The accuracy shows that the model can predict correctly almost the 92% of all the testing instances while the error rate shows that it only fails to predict around 8% of them. The value of the sensitivity is 0.769231, which means that the model can detect around the 70% of the positive instances. The specificity is 0.8939502, so it can detect around 90% of the negative instances.

These binary classification tests show that the model can predict correctly most of the instances.

We are going to calculate now the ROC curve. It will help us to measure the discrimination capacity of the classifier between positives and negatives instances. The next chart shows the ROC curve for our problem.

The proximity of the curve to the upper left corner means that the model has a good capacity to discriminate between the two classes.

The most important parameter that we can obtain from the ROC curve is the area under the curve. This value takes the value 0.5 for a random classifier and takes de value 1 for a perfect one. In practice, it should ideally be as close to 1 as possible. The next table shows the value of this parameter in this case.

The area under curve is 0.896 which shows that our model is predicting well the churn of our customers. In this way, we can move it into the production phase to estimate the probability of churn of new ones.

#### 4. Model deployment

The predictive model takes the form of a function of the outputs with respect to the inputs. The mathematical expression, which is listed below, represented by the model can be used to embed it into another software and can be used prevent customers from doing churn.

```scaled_account_length=2*(account_length-1)/(243-1)-1;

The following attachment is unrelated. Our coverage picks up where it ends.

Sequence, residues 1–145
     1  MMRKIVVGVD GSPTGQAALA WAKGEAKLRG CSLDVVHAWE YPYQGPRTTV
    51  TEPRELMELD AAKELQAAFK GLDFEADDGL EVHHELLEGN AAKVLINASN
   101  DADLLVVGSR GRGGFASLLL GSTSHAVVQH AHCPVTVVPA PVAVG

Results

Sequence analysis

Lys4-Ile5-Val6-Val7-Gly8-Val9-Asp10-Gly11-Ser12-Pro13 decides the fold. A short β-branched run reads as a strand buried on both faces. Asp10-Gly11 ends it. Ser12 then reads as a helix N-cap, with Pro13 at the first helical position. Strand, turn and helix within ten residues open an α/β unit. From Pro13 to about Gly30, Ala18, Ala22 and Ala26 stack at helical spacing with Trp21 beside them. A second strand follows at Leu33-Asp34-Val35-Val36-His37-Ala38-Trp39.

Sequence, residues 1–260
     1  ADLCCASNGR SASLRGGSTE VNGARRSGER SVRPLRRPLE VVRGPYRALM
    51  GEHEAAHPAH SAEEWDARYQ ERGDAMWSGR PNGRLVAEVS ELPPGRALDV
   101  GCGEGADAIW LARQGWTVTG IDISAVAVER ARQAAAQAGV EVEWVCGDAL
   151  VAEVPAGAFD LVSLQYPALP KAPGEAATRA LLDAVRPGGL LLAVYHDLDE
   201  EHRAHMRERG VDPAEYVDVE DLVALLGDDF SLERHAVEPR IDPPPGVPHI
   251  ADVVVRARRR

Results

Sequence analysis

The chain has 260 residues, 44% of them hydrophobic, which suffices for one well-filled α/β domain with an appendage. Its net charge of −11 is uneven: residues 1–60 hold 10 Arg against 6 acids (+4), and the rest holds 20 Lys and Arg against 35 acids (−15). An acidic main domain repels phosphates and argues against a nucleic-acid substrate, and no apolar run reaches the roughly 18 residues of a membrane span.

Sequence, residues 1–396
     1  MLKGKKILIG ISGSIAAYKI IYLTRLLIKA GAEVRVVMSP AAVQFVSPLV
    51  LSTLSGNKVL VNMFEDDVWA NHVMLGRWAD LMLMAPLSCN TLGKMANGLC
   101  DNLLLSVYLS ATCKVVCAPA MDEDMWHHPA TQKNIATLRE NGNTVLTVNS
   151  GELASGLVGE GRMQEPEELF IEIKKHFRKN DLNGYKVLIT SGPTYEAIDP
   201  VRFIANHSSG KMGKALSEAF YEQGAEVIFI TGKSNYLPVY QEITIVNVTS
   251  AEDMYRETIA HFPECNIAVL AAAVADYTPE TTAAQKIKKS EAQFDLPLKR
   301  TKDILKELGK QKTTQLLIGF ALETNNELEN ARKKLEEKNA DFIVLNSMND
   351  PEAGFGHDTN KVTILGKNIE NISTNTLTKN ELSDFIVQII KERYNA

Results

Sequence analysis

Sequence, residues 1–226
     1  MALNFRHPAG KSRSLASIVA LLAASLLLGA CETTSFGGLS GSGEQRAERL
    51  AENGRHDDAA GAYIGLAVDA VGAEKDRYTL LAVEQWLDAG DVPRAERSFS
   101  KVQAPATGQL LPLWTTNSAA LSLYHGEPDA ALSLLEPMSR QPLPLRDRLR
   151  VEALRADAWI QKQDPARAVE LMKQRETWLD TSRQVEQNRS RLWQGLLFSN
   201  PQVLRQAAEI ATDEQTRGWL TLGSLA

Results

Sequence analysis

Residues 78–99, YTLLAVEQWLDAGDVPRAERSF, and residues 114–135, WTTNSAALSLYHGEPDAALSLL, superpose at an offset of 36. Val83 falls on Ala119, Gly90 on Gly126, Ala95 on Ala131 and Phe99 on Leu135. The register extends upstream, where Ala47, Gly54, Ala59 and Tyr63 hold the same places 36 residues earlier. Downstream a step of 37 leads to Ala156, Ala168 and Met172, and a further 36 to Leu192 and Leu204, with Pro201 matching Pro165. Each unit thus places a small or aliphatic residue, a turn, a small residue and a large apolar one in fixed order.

scaled_voice_mail_plan=2*(voice_mail_plan-0)/(1-0)-1;
scaled_voice_mail_messages=2*(voice_mail_messages-0)/(51-0)-1;
scaled_day_mins=2*(day_mins-0)/(350.8-0)-1;
scaled_evening_mins=2*(evening_mins-0)/(363.7-0)-1;
scaled_night_mins=2*(night_mins-23.2)/(395-23.2)-1;
scaled_international_mins=2*(international_mins-0)/(20-0)-1;
scaled_customer_service_calls=2*(customer_service_calls-0)/(9-0)-1;
scaled_international_plan=2*(international_plan-0)/(1-0)-1;
scaled_day_calls=2*(day_calls-0)/(165-0)-1;
scaled_day_charge=2*(day_charge-0)/(59.64-0)-1;
scaled_evening_calls=2*(evening_calls-0)/(170-0)-1;
scaled_evening_charge=2*(evening_charge-0)/(30.91-0)-1;
scaled_night_calls=2*(night_calls-33)/(175-33)-1;
scaled_night_charge=2*(night_charge-1.04)/(17.77-1.04)-1;
scaled_international_calls=2*(international_calls-0)/(20-0)-1;
scaled_international_charge=2*(international_charge-0)/(5.4-0)-1;
scaled_total_charge=2*(total_charge-22.93)/(96.15-22.93)-1;
y_1_1=Logistic(-1.30033
+0.637015*scaled_account_length
+0.0393358*scaled_voice_mail_plan
-5.82405*scaled_voice_mail_messages
+1.79053*scaled_day_mins
+0.83293*scaled_evening_mins
-1.72581*scaled_night_mins
-2.37616*scaled_international_mins
-10.8532*scaled_customer_service_calls
-2.86825*scaled_international_plan
+4.16865*scaled_day_calls